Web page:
2. In the meantime, pending such future instruction, persons in these categories have until June 30, 2010, to file an FBAR for 2008 and earlier calendar years.

3. The relief provided seems to pre-empt criminal prosecution or even civil penalties for those relying on the relief (which is an extension of the due date for filing thus meaning that, provided they file, they have complied with the FBAR requirements), although there is no express statement to that effect. Thus, there would be no requirement that these persons join the voluntary disclosure program.

4. The extended date is the same date that the 2009 FBAR is due. The relief thus presents an opportunity to prepare 2009 and back years as a package.

Monday, August 3, 2009

Guidelines Calculations Games -- More on the Chernick Plea

In my recent blog on the Jeff Chernick Guilty plea here, I said, in effect, that Chernick and the Government were playing games with Chernick’s Sentencing Guidelines Calculations. I would like to explore further that issue further by stepping through the relevant Guidelines calculations. Under Booker, of course, the Guidelines are advisory rather than controlling; they must be considered, however, and, in most sentencings since Booker, the Guidelines have been the principal determinant in setting sentences. (Tomko may be seen as an aberration – an important one – in the pattern of still hewing to the Guidelines’ advisory range). So, with that said, let’s calculate the Guidelines range for Chernick.

1. I start first with the plea agreement to a single 3 year count of conviction for § 7206(1). Plea to a single 3 year count caps the possible Guidelines sentence at 3 years. It simply makes no difference whether the Guidelines calculations produces a greater sentence than 3 years; it is capped at three years. I discussed this phenomenon in an earlier article involving the plea by the infamous Andy Fastow of Enron fame back when the Guidelines were mandatory and would have generated a sentence well exceeding 20 years; Fastow capped his possible sentence at 10 years by pleading to only 2 five year counts. John A. Townsend, Analysis of the Fastow Plea Agreements, 2004 TNT 44-46 (3/5/2004).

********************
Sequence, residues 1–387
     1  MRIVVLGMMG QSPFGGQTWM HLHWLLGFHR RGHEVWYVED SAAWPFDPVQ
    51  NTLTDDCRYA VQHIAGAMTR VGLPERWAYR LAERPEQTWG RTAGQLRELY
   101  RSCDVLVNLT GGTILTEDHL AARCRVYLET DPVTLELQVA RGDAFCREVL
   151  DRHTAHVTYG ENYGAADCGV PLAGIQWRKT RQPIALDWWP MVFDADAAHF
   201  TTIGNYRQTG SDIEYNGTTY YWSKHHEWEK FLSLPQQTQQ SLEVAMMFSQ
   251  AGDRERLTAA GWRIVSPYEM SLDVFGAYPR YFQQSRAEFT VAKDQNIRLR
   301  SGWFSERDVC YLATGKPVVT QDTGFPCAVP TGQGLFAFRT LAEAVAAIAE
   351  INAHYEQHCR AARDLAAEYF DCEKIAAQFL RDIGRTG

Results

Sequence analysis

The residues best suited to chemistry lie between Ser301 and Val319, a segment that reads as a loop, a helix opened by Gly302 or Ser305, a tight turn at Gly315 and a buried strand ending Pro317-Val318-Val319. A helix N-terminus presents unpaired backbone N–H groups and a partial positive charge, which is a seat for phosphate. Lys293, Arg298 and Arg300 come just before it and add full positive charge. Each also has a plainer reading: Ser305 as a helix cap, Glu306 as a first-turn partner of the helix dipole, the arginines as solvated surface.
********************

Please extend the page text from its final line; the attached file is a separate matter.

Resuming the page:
2. Since the plea was for one § 7206(1) (tax perjury count), the beginning point for the Guidelines calculations is determining the base offense level under SG §2T1.1(a)(2). The base offense level is determined by the tax loss table in § 2T4.1. That table requires that the tax loss be determined. The tax loss is determined by the court by a preponderance of the evidence after receiving recommendations by the probation office and objections by the parties (the Government or the defendant). Normally, in tax cases, the initial calculation of the tax loss is made by the Government in the Special Agent’s Report that is available to the probation office. In addition, in the plea discussions, the parties may negotiate over the proper amount of the tax loss. By that time, the defendant’s counsel will negotiate over the amount that is a proper amount under the Guidelines. If they can reach agreement, they will state their agreement as to the tax loss in the plea agreement. That statement of agreement is not binding on the probation office, and defendant’s counsel must be careful to advise his client that the probation office can determine a larger tax loss which could dramatically affect the sentence. In the Chernick plea agreement, although the parties did not agree as to the tax loss, the parties did try to close some parameters on the issue by agreeing:

a. Tax Loss: The relevant amount of actual, probable, or intended tax loss under Section 2T1.1 of the Sentencing Guidelines resulting from the offense committed in this case and all relevant conduct is the tax loss associated with accounts at UBS that were disclosed to the Government pursuant to the Deferred Prosecution Agreement with UBS, and of which the defendant was the beneficial owner for tax years 2001 through 2007.

Note what that this agreement constricts possible tax loss in two ways: (1) it limits the tax loss to the tax loss associated with the UBS accounts disclosed to the Government and (2) it limits the tax loss to the years 2001 through 2007. As I noted in my earlier discussion of the Chernick plea, both of these limitations are improper. The tax loss is “the total amount of loss that was the object of the offense.” “‘Offense’ means the offense of conviction and all relevant conduct under §1B1.3.” SG § 1B1.1, Appolication Notes (H). Relevant conduct includes conduct which would require grouping (suffice it now to say that all tax crimes would require grouping) “that were part of the same course of conduct or common scheme or plan as the offense of conviction.” In this case, under the Statement of Facts entered along with the guilty plea, Chernick admitted a course of conduct from 1981 forward involving (a) depositing income into foreign bank accounts which he failed to report and pay U.S. tax and (b) earning income on or with respect to those deposits which he failed to report and pay tax. That is precisely the conduct he admitted guilt for the year of conviction. The time frame for the relevant conduct was thus 1981 through 2007 and includes all banks. Nevertheless, the Government and Chernick attempt to limit the time frame to 2001-2007 and then only include the tax on the deposits into and earnings from the UBS accounts.